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Police: Person used phone to photograph woman in shower

Palo Alto police say prowler may have taken shot through home's bathroom window

A prowler walked up to an open bathroom window in the Ventura neighborhood and used a cell phone to photograph a woman taking a shower Friday night, June 12, Palo Alto police said.

Officers received a call at about 10 p.m. from a woman who said that someone had just used a phone to take a shot of her through her bathroom window. Police responded to her home in the 300 block of Olive Avenue but were unable to find the person, according to a police statement.

Police said the victim, a woman in her 30s, was showering when she noticed a cell phone outside the open window. When she shouted out the window, the phone disappeared and she heard footsteps, police said. Another resident ran outside but did not find the person who had been taking the photo.

Police believe the prowler approached the window through an adjacent driveway and did not enter the victim's enclosed yard. They do not have the suspect's description at this time and are not aware of any similar incidents occurring recently in Palo Alto or in neighboring cities.

Anyone with information about this incident is asked to call the department's 24-hour dispatch center at 650-329-2413. Anonymous tips can be emailed to paloalto@tipnow.org or sent by text message or voice mail to 650-383-8984. Tips can also be submitted anonymously through the department's free mobile app, downloadable at bit.ly/PAPD-AppStore or bit.ly/PAPD-GooglePlay.

Comments

3 people like this
Posted by resident
a resident of Ventura
on Jun 16, 2015 at 3:04 pm

Can the cops check cell phone records to see who was prowling that neighborhood at that time? Or check iCloud to look for suspicious uploads?


4 people like this
Posted by Resident
a resident of Barron Park
on Jun 16, 2015 at 4:19 pm

Perhaps it was one of her neighbors. With Airbnb you will never know who lives next to you. I have neighbors that have people coming over all the time and I have no clue who they are. The good news is that all of them are being recorded as they walk by my house.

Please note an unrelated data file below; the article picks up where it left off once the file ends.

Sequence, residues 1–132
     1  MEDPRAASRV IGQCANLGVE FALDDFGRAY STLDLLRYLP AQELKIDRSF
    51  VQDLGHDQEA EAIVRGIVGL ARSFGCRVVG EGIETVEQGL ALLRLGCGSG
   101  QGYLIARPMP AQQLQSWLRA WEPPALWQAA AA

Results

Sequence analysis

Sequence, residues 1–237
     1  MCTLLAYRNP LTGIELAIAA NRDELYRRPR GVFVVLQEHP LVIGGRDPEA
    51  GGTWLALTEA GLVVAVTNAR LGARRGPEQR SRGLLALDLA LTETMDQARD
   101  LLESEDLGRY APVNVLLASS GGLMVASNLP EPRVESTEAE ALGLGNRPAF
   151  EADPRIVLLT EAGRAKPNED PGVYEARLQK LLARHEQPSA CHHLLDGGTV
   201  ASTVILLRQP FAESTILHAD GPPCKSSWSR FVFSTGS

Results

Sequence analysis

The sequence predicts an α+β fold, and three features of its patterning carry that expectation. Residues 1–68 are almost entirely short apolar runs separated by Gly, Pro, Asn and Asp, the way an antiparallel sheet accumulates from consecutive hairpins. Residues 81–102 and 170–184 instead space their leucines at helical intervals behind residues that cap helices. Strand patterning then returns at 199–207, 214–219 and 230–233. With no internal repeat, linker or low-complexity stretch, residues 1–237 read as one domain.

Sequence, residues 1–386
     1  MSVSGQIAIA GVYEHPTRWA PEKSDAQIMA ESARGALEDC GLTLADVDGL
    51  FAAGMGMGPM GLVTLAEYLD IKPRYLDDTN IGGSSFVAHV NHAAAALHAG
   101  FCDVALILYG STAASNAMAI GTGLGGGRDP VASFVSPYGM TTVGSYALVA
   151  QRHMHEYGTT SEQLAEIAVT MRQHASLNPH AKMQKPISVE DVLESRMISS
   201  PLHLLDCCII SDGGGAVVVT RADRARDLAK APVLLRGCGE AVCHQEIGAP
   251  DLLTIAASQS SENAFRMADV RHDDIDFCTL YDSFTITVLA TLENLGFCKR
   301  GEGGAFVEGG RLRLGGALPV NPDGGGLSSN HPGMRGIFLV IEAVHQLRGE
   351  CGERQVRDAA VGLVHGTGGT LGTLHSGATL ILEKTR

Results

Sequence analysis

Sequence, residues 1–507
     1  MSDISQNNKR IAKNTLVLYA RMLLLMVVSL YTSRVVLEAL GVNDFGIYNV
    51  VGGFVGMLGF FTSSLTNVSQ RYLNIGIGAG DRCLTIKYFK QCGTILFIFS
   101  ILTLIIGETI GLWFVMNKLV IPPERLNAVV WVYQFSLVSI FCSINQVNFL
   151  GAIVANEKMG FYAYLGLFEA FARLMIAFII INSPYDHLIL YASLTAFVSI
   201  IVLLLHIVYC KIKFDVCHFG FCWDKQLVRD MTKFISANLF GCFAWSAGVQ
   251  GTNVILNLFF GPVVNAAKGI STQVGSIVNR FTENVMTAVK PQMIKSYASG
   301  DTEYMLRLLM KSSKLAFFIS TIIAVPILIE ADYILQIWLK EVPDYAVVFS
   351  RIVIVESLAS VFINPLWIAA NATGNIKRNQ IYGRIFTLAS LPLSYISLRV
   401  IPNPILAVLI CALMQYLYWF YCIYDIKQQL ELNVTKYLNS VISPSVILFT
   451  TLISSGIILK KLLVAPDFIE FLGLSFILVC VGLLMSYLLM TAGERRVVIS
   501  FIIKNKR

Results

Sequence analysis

9 people like this
Posted by Kazu
a resident of Downtown North
on Jun 16, 2015 at 5:21 pm

I don't think Airbnb is the problem. A Palo Alto address, or one in the Bay Area, is no guarantee of better behavior than Airbnb folks.

Perhaps installing a Netgear Arlo wireless security camera system, or similar, would be a good preventative measure? At the very least, it could provide an image of the miscreant. It is unfortunate that people need to resort to such measures.


6 people like this
Posted by Resident
a resident of Barron Park
on Jun 16, 2015 at 10:15 pm

Really? Can you honestly say that you feel safe living next to Airbnb with all the strangers moving in&out right under your nose?


7 people like this
Posted by Kazu
a resident of Downtown North
on Jun 16, 2015 at 10:35 pm

@Resident, there are a lot of sketchy people in Palo Alto anyway, a few home grown, and quite a few others from various points around the Bay Area. That was true long before Airbnb took off. The notion that all outsiders are scary and dangerous, and that all Palo Altans are "safe", is a very Palo Alto notion, and also very mistaken. Regardless of who where the peeping tom lives, a security camera is a good idea.


6 people like this
Posted by Know Your Neighbors
a resident of Another Palo Alto neighborhood
on Jun 16, 2015 at 11:40 pm

Kazu,

I think you miss the point that knowing your neighbors and watching out for each other is a critical crime deterrent. AirBnB's rob us of that neighborhood opportunity.

It is not only Palo Altans that benefit by having regular, full time neighbors, but don't let that get in the way of bashing Palo Alto.


1 person likes this
Posted by Resident
a resident of Another Palo Alto neighborhood
on Jun 17, 2015 at 8:04 am

Knowing neighbors is an obvious thing to do. Unfortunately, I have some neighbors who are more difficult to get to know than others.

Being neighborly has nothing to do with how long they are staying in the area. A friendly wave and greeting, should be the norm. If you start then most people will respond.

Remember that neighborliness works both ways, don't expect new neighbors to make the first move - anyone can. Let them know they have moved into a friendly neighborhood.


Sorry, but further commenting on this topic has been closed.

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